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Taken 2 Is A Go, With Neeson

In Taken, Liam Neeson successfully takes on the French underworld with a gun, a few well-placed punches and kicks, and some truly epic one-liners. The unassuming actor is an unlikely action star, but he was a perfect fit for the role of retired government ass-kicker Bryan Mills. And now, he’s going to do it again.

As much as the recently released Unknown felt like a sequel to the 2008 film, an actual sequel is now getting off the ground with Luc Besson once again set to produce, Deadline reports. Besson is working out the script with the first movie’s writer Robert Mark Kamen, and Transporter 3 director Olivier Megaton is in talks to helm it. If there’s a better recipe for success, I’m not sure what it is.

Neeson’s participation in the sequel was initially a question mark due to concerns about the actor’s schedule. However, in an update to the original post, Deadline writes that Besson and Neeson have worked out those issues and a deal is being finalized. The plan is to shoot later this year or in early 2012, presumably for a release later next year.

Fantastic news for one and all. Who else can’t wait to see which nation gets a taste of Neeson’s boot in Taken 2?


  • John Lees

    I think the plot should be that Liam Neeson gets kidnapped, and Maggie Grace has to rescue him.

  • Matt

    What are they going to call it, “Taken…Again”?

  • Jonah Weiland

    I only watched this movie a couple of months ago — on Adam’s suggestion — and was blown away by it. One of the best action films I’ve seen in … well, forever!

  • Anonymous

    Oh best news I heard all day. We all need more Neeson in our lives.

  • Farson89


    So was I the only one who hated Taken? I thought it was so reliant on blatant xenophobia it genuinely disgusted me.

    HURR DURR EVUL FURRNERS TOOK MAH DAUGHTER. His daughter hadn’t spent five minutes outside of the great and glorious US before she was kidnapped by the dirty foreigners, of course Liam Neeson was against his daughter going to the god-forsaken hell hole that is… France. He treats his French friend like shit, but then of course it turns out that the friend is in on it but then of course he’d be because he’s another dirty, raping foreigner. They try to subvert it by throwing in the American big bad at the end but it feels very hollow by that point.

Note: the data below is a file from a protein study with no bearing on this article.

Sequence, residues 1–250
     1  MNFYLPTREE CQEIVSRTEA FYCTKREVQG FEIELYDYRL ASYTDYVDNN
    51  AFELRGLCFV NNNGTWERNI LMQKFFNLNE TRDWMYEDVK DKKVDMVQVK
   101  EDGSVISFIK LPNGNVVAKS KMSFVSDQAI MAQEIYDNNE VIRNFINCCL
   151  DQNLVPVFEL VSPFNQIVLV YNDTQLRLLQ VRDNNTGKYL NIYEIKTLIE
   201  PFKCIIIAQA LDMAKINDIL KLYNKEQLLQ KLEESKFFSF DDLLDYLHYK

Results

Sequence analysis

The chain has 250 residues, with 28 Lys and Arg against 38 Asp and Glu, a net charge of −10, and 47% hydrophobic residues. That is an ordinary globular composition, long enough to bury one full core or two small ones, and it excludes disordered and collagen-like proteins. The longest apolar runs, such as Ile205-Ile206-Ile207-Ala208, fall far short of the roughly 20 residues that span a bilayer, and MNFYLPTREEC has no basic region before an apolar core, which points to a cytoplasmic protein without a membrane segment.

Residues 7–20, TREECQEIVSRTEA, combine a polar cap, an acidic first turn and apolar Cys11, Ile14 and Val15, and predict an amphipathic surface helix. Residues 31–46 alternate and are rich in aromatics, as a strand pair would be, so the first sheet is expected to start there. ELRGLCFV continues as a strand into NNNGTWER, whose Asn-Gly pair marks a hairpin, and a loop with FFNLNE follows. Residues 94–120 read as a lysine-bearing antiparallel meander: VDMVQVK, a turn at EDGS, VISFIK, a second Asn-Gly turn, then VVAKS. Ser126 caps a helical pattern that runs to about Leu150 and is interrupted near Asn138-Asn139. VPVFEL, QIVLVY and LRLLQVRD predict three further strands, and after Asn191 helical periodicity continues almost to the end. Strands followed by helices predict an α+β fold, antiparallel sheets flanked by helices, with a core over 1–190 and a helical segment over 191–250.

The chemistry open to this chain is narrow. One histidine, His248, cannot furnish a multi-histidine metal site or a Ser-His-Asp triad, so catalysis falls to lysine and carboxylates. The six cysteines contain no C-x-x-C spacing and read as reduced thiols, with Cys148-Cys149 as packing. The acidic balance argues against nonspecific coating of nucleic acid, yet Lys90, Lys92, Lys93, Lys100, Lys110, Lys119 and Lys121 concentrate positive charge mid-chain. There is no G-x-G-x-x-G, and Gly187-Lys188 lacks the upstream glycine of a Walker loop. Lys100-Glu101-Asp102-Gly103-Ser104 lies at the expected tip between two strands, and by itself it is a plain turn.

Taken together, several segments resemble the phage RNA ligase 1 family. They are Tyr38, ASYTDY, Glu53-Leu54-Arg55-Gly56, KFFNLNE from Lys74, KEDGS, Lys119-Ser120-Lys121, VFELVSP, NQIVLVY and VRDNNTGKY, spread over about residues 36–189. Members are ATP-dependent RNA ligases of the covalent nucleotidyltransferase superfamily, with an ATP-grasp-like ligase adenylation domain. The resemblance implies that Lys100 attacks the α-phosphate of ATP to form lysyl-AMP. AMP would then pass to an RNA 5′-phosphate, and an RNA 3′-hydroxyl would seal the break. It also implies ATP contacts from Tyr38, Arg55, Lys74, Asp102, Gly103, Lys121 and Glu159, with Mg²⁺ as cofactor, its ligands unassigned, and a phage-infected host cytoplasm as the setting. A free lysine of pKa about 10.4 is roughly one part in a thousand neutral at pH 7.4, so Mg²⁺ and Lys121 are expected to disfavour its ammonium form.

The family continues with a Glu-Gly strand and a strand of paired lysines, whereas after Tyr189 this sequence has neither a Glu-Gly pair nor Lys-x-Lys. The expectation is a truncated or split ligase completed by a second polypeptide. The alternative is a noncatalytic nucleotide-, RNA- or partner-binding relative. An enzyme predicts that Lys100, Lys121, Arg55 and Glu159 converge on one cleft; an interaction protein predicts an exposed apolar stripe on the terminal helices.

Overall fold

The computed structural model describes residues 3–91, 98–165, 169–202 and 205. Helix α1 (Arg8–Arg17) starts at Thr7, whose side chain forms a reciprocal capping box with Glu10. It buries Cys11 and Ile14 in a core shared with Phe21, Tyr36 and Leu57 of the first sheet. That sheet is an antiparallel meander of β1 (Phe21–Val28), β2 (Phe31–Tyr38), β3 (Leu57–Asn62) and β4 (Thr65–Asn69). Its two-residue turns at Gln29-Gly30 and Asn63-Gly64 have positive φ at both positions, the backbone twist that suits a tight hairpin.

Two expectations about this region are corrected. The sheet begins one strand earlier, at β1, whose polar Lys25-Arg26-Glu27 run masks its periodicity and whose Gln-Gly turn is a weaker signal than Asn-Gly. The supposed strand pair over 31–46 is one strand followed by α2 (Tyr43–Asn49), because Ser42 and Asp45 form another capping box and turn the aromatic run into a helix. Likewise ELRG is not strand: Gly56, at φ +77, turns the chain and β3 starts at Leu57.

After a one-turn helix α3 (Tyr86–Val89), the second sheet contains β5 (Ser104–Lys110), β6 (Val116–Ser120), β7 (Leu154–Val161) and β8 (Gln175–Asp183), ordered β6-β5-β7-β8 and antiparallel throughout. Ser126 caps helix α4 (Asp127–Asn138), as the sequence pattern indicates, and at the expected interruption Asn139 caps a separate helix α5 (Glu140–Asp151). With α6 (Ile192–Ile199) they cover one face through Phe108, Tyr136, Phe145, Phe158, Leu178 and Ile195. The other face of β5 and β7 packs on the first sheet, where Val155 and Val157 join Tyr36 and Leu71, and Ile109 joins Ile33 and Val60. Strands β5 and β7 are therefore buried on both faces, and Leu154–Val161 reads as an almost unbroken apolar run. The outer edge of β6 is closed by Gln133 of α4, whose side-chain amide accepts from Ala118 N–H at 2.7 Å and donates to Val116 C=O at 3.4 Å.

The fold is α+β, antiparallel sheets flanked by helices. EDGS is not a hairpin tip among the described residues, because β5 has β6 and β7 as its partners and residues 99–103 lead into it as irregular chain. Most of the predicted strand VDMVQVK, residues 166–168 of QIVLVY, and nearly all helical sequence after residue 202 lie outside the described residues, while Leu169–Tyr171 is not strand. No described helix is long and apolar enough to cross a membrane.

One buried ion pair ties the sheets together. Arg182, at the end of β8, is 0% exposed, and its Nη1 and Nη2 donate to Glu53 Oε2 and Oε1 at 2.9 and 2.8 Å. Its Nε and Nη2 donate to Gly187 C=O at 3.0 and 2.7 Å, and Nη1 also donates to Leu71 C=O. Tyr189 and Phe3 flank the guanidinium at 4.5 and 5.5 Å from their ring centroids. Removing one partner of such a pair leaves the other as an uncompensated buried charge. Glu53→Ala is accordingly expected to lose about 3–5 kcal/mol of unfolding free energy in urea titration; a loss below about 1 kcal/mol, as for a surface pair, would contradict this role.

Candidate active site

It’s ironic that the films stars an Irishman and was directed by a Frenchman and written by another, although I can’t help think it was very intentional, as if they subtly taking the piss.

    I’ll admit that the action was well done but the attitude of the film bothered me too much to enjoy it, and it doesn’t help that every cliche in the book was thrown into the mix. But then again I’m a dirty foreigner, so I would think that.

  • John


    Or maybe the world doesn’t revolve around your country and you’re reading way too much into it.

  • Dan_pillo

    I think your points are irrelevant, they have taken a legitimate issue, human trafficing, and produced a story around it. They in no way tried to say it was because of ‘dirty foreigners’ as you so eloquently put it.

  • Mike Phillips

    You’re being a little too sensitive, Farson. But then again, maybe I’m saying that because I’m a Glorious American.

    Loved the movie. It made me think, “This is what happens when you kidnap the child of a retired James Bond.”

  • Farson89

    John, I’d love to know how you deduced what country I’m from since I didn’t even mention my country in my post. Not once. Which would make it difficult to suggest that the world revolves around it, y’know, what with not having mentioned it.